8:36 AM

Blogger Melanie said...

Yea, I've thought a lot about God and time. Time is a created thing... I see God as being rather outside of it. We see things unfinished in our time, He sees them as completed, finished works. It is very true that this is hard to fathom:
"and eternal figure put into the context of time, sent to tell of God's love, which is beyond human comprehension, despite our efforts." I have a hard enough time imaginging the infinite sometimes, much less all that Christ being sent here means in that context.

I arrived at a venue for a show really early, so I had some time to kill. I didn't think to bring a book, so I decided I had a Bible in my car, and that's a book. LOL
I ended up in Galatians 5, and wrote my thouoghts which seemed somewhat applicable.

Christ did not come to abolish the law, but to fulfill it. Christ fulfilled the law - how? We trespassed against the law, and the penalty was death. So the law was broken, the penalty paid. Which leaves us free to love, does it not? And how can we (talking to myself here) continue to abuse that freedom knowing what it cost?

Anyway, since the topic of the law came up, just thought I'd share my thoughts on what I read.

I think we have probably all been somewhat dissatisfied with what we see in the church, being as it is made of such imperfect people.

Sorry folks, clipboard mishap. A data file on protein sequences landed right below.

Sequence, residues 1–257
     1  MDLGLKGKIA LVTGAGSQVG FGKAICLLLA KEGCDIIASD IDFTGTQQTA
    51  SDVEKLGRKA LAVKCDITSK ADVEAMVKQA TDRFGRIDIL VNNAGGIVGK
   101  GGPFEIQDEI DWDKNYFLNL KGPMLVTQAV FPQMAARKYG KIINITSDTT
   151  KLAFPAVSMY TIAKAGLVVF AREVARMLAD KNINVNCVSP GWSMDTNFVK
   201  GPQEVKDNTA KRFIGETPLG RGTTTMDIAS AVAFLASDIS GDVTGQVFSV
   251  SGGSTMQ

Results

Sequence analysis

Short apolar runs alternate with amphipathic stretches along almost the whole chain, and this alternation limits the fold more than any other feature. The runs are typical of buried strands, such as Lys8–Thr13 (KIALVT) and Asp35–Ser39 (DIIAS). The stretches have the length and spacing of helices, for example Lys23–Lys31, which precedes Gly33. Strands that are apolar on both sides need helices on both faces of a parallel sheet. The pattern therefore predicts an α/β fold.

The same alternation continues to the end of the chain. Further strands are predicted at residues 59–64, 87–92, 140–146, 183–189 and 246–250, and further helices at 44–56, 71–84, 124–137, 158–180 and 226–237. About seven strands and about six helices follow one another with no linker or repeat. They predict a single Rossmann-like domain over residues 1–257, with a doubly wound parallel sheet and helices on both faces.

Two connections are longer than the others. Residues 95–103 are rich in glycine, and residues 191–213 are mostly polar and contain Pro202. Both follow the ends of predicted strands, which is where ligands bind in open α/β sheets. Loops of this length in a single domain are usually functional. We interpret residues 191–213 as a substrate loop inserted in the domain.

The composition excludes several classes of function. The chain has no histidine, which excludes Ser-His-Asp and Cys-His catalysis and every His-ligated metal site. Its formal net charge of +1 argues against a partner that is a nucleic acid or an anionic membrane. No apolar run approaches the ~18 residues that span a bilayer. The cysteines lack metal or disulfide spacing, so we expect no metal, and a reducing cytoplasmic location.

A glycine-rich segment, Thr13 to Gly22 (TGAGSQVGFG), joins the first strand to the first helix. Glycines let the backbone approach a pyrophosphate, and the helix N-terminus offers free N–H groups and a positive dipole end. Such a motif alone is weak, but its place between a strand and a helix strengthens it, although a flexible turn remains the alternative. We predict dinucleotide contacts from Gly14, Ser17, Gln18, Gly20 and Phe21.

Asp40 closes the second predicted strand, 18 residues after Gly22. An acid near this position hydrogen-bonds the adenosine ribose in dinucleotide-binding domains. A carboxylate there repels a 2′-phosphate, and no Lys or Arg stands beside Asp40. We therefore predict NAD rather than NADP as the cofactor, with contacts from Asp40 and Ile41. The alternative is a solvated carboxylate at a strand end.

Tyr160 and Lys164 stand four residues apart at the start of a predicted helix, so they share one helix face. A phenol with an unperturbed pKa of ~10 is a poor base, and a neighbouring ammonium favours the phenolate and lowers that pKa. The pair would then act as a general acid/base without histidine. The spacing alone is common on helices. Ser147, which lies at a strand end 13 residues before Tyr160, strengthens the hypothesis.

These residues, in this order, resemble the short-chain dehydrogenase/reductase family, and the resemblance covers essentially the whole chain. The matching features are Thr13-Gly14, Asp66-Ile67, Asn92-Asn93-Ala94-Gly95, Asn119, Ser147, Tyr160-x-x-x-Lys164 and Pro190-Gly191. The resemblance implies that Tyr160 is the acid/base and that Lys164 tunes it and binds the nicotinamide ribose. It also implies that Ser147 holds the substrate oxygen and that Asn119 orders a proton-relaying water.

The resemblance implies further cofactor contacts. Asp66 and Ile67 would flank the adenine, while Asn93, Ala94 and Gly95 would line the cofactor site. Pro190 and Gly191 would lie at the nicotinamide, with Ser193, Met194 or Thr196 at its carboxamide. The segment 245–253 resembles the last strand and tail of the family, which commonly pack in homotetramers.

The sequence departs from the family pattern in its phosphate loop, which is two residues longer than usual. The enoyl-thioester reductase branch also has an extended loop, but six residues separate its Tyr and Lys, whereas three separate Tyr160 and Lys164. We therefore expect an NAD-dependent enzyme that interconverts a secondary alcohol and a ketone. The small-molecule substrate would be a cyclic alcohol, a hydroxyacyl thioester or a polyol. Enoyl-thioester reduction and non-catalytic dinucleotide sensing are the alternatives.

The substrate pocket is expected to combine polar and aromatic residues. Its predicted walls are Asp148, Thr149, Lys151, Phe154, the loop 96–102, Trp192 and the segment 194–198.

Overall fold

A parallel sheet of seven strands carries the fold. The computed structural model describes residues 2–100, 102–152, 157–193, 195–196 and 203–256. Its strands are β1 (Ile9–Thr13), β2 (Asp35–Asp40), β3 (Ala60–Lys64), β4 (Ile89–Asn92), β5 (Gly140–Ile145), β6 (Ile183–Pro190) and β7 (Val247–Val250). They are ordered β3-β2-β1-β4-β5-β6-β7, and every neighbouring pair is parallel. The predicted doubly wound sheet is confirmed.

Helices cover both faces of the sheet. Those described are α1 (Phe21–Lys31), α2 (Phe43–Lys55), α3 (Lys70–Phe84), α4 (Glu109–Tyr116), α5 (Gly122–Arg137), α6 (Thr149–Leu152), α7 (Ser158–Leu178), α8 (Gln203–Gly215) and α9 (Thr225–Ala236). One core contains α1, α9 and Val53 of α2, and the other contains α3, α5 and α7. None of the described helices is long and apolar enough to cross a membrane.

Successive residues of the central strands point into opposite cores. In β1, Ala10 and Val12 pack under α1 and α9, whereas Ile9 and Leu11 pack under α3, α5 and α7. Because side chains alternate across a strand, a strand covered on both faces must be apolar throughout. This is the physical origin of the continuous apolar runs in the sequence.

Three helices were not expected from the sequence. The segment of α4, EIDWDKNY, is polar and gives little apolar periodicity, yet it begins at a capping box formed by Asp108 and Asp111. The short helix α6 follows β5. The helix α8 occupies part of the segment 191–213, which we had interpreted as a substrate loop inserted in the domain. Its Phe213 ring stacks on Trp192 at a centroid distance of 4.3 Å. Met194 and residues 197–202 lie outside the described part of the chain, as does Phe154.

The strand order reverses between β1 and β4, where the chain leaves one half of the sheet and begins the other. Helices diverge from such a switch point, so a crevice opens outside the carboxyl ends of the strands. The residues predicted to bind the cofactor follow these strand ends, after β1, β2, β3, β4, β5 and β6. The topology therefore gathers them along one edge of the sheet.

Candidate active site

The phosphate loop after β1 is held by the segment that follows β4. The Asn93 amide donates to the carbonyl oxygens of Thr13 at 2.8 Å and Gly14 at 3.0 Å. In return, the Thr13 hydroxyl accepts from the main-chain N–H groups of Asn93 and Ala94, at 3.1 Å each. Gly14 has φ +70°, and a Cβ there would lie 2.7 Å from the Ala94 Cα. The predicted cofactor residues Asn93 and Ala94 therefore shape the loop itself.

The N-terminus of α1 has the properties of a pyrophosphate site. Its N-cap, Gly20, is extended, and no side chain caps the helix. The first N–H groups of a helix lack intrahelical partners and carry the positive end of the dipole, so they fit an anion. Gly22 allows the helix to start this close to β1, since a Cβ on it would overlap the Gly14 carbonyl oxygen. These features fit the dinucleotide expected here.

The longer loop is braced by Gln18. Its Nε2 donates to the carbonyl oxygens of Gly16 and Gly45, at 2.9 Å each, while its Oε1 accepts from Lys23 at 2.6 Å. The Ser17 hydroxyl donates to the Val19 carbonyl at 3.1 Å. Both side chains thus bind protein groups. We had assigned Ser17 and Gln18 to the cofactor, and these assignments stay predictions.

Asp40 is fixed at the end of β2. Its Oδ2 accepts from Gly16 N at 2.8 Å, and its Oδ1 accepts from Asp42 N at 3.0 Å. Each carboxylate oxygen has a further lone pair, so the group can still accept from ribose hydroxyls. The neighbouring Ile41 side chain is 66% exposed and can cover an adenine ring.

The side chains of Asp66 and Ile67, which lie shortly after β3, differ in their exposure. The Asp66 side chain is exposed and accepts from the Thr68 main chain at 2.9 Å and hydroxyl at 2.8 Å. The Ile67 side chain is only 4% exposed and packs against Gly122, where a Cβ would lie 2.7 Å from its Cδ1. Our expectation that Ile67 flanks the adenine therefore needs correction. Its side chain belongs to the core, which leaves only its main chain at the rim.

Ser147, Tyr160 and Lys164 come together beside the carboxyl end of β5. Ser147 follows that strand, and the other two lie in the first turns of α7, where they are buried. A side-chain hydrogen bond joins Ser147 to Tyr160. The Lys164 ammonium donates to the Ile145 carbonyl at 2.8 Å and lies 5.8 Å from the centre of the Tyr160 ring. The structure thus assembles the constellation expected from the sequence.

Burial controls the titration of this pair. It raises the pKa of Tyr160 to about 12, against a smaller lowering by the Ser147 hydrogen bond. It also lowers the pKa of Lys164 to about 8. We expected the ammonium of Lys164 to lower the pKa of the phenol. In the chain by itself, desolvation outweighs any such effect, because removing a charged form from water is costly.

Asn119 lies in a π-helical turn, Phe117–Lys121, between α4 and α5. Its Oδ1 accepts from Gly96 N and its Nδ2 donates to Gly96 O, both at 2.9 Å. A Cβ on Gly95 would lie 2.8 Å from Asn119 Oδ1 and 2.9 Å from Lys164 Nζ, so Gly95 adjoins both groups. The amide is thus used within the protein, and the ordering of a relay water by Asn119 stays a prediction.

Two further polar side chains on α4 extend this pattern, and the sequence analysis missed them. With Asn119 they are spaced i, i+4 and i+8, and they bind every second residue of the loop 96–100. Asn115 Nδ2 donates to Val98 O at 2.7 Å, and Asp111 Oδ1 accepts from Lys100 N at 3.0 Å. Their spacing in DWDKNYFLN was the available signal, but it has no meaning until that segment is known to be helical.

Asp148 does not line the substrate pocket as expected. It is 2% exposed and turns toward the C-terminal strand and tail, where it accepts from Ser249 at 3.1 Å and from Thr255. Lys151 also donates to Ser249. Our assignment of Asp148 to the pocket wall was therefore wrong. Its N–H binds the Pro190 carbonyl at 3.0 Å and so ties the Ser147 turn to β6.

11:52 PM

Anonymous Anonymous said...

Zachary, you never cease to amaze me. Somedays I think, WOW. Somedays I think, who are you and what have you done with my son. I believe God has given you some unique and special gifts - do not squander them. Sent with much love.

10:40 AM

Blogger AJ said...

zach, I agree with your mom--you are an amazing man...hoping you find all God has prepared for you. :)

7:36 PM

Blogger Kyle A. Roberts said...


Excellent thoughts here on Kierkegaard and the "teleological suspension of the ethical."

Kierkegaard had a big problem with Hegel, you know, and with the "cultural Christianity" that Hegelianism seemed to be cultivating in Denmark. Hegel basically thought that the Enlightened age of Western Christianity was a progression on the "primitive" religion of Judaism and early Christianity. So for Hegel, philosophy (adn, in particular, a kind of universal reason) sort of takes the place of revealed, experiential religion in terms of truth value. So, as you point out, the Enlightened age has "gone beyond faith." But if that's the case, argues Kierkegaard, Abraham cannot be a hero. In fact, he must be some kind of monster. Johannes de Silentio knows that Abraham can only be admired as a hero or rejected as a villain, or at least a lunatic (who hears "voices"!). De Silentio wants to have faith to believe in Abraham, and to live on the basis of a "primitive" God-relationship, rather than on a universal code of ethics based on "rational" religion.

For Kierkegaard, Abraham represents a transitional figure from the "ethical life" to the "religious life." Kierkegaard is inviting his readers to take the leap from the universal ethical to the religious, where they live "in fear and trembling" before God. This is a terrifying prospect, because one cannot simply appeal to universal rules for the way we should live. Rather, one must "become a true self," before God. One must discover his or her distinct "angularity" as a person, and allow the God-relationship to direct their development and behavior.

This has obvious implications for contemporary discussions of morality which take place in our public square. When the "religious right" (or the "political left") tries to dictate to the world how to live based on supposed universal ethical laws accessible to anyone with a brain, the Kierkegaardian recoils with distaste! Let each one learn from the Teacher what he or she is to do...

8:41 AM